"Grooming": the term stands for intentional, strategically planned sexual initiation online. The target group is children and young people. How do the actors proceed? Why about fake profiles? And what can parents do about it?
"Don’t believe anyone who assures you of confidentiality on the Net. There is no confidentiality on the Internet."Michael Sandkamp has this warning for children and young people who are eager to learn and experiment on the web, in social networks, messaging services, video portals and online gaming.
A warning that Friederike Bartmann addresses to parents in a slightly different form. "Sit down in front of the computer with your child and try something out together with him or her. Then you stay in conversation with it and know where it is at the moment."
Children are "more responsive
Children and adolescents are more susceptible to dubious offers, because they are searching for themselves, exploring boundaries, because the forbidden arouses their curiosity and they are impressionable. Perpetrators with fake profiles – Sandkamp prefers to speak of "actors" – are on the Net for three reasons, he says:
- Because they deliberately and strategically planned a sexual initiation seek, experts speak of "grooming".
- Because they want to mob people they know under false profiles or cell phone numbers, the technical term is "cyberbullying".
- Or because they want to post political or other hate comments on the net without being held accountable for it.
Bartmann deals with grooming and cyber bullying at the Catholic State Working Group for Child and Youth Protection NW in Munster, Germany. Sandkamp cooperates, because the consultant for parents and school in the Episcopal General Vicariate sits on the board of the ecclesiastical association. His focus is on prevention.
Children do not talk openly about grooming
Young people spend almost seven hours a day on the Internet. That’s three times as much as older citizens, according to a recent study by the accounting firm Ernst&Young. Although "unpleasant acquaintances" that children and young people make via their smartphones tend to be low, according to a 2016 study by the Medienpadagogischer Forschungsverbund Sudwest (Media Education Research Association Southwest). Only two percent of cell phone owners have been sent content that scared them or made them feel uncomfortable afterwards.
The study covers minors between six and 13 years old. Nevertheless, Bartmann and Sandkamp agree that children do not necessarily talk openly about grooming. Certainly not with the parents.
"Send me a photo"
Bartmann describes a typical initiation with the goal of grabbing photos of victims, making contact or even arranging a meeting. The actors are usually men, sometimes older, sometimes the same age. Target groups are girls as well as boys.
Friederike Bartmann is a consultant at the Catholic State Working Group for Child and Youth Protection NW. Michael Sandkamp works in the Parents and Schools Department at the Episcopal Vicariate General in Munster, Germany. | Photos: private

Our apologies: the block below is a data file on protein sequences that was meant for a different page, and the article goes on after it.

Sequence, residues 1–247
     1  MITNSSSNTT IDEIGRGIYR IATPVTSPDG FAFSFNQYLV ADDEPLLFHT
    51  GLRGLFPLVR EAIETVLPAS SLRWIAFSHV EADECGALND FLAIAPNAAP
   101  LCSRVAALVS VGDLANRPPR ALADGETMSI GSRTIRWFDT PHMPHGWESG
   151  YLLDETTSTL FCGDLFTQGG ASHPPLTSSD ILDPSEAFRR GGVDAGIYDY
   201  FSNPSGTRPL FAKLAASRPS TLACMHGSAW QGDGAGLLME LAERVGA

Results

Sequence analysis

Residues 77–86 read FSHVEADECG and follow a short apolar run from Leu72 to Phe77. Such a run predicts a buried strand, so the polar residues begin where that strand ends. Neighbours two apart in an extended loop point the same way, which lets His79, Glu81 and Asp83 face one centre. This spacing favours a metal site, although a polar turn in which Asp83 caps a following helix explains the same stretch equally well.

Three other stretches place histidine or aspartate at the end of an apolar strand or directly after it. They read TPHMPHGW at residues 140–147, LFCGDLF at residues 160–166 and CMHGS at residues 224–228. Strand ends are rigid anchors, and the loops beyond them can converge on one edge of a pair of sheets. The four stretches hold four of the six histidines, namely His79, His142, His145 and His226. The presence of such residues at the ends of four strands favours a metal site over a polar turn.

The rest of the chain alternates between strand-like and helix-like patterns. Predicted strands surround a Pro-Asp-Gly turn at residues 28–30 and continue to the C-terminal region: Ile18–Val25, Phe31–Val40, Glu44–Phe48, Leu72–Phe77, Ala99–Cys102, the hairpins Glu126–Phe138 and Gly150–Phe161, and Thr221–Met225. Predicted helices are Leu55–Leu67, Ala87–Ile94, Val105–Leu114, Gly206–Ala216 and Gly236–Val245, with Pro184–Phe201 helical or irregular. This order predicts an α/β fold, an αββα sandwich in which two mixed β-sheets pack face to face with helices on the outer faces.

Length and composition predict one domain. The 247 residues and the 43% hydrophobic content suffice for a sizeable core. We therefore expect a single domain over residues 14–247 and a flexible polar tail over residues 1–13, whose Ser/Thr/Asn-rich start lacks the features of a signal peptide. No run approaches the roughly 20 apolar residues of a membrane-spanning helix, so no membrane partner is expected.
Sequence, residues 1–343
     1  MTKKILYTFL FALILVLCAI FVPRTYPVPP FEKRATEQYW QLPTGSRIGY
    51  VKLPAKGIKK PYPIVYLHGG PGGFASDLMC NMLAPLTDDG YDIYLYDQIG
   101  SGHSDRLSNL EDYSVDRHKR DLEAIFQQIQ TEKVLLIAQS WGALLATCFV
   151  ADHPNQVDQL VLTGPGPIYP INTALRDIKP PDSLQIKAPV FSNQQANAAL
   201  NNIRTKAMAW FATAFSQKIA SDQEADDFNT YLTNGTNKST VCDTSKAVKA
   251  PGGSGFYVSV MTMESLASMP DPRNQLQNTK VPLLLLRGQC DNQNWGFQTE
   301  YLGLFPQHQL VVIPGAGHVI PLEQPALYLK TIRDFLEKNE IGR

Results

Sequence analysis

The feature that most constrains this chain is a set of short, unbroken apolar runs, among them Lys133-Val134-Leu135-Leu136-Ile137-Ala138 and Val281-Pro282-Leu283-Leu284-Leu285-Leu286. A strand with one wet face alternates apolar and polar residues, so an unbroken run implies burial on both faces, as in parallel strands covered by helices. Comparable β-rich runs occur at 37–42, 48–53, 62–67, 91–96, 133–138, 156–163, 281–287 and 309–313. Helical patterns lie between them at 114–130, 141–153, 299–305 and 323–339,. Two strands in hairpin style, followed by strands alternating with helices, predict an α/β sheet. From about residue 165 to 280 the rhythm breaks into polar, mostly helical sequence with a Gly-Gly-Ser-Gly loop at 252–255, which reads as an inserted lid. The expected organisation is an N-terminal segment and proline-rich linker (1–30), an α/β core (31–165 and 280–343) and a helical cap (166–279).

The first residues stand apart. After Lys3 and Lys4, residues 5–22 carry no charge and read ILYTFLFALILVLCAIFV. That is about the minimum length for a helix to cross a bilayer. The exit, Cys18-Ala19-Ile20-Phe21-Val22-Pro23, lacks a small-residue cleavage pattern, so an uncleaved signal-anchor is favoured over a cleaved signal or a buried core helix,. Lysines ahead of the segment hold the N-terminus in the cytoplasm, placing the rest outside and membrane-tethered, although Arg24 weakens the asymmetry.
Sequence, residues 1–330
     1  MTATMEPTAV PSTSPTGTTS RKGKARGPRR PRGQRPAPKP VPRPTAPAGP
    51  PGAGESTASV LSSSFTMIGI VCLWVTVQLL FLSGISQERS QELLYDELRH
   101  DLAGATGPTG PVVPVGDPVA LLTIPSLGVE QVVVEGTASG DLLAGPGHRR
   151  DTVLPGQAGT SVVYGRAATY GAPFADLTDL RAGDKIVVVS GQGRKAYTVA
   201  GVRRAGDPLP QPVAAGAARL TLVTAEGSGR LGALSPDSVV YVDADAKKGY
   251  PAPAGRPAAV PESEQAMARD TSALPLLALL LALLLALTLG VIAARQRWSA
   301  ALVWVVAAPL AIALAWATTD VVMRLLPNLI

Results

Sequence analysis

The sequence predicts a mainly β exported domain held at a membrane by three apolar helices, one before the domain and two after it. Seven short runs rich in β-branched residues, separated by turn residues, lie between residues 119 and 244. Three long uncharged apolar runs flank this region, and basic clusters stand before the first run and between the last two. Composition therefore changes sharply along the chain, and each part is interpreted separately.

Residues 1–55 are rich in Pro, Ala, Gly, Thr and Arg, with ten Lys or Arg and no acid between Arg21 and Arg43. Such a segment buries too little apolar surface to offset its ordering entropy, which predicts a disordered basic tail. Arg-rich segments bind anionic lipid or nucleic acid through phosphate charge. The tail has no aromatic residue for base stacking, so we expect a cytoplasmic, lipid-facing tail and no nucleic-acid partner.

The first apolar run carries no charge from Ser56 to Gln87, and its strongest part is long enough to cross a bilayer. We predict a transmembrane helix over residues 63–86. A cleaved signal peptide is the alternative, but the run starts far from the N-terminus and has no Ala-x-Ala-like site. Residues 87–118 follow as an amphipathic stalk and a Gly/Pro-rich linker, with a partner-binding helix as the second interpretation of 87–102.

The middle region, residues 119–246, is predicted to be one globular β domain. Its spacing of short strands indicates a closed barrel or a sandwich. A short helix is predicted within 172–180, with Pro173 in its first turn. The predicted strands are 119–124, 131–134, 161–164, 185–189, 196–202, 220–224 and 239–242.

First step is that the actor pretends to be the same age, under a false name. Bartmann: "He pretends, for example, to work for a modeling agency."In the second step, he checks the identity of the child, his pictures, links, age and gender. Already coming: "Send me a photo of yourself. " – "Turn on the webcam. "
Manipulations and blackmail
In phase three he builds trust. If a child is not doing well at school, he is sympathetic: "Don’t hang your head. I am also not so super." or "But you look great for that . " The first nude half-picture is requested – "still with bra," says Bartmann. Soon he demands one without.
"In the fourth phase, the dependencies, manipulations, assaults and blackmails begin."At this point, at the latest, switch communication to channels that are safer for the actor: Whatsapp and Skype.
How to protect children from grooming?
Children and adolescents often perceive sexual initiation on the Net as a game at first," says Michael Sandkamp from the Vicariate General. Making it so difficult for them to speak up about it to parents, teachers or friends. "They blame themselves for what happened, for example, because they pretended to be 14, but are still twelve."
In addition, adults have usually warned not to send personal and certainly not erotic photos. Children therefore usually know that they have not acted correctly. This makes them additionally vulnerable to blackmail by the adult actor on the net who wants the pictures.
"Open contact with parents is the best protection"
Troubled teenagers are more responsive to fake affection online than kids who are doing well. They are susceptible to praise, admiration, to someone taking time for them, says Friederike Bartmann of the Catholic State Working Group for Child and Youth Protection NW.
"The best protection against grooming is good and open contact between parents and children."Friederike Bartmann has more tips that you should consider.
– Agree computer rules with children: Never turn on the webcam with strangers.
– Do not send photos with location information and be very sparing with personal information on the Internet.
– Never arrange a meeting with a stranger or take an adult with you to do so.
– Immediately break off unpleasant contacts. Teach the children: "You may say no."
– There is no confidentiality on the net, even if that is assured. Therefore, do not believe anyone who assures confidential handling of pictures.
– Parents should spend time with children in front of the computer so that they can see and understand what options there are to navigate the web.
– Save evidence of unpleasant contacts through screen shots (screenshots) and report the case to the operator.
– Preventing contact with an unpleasant actor by blocking your own access, creating a new profile and no longer using the old one.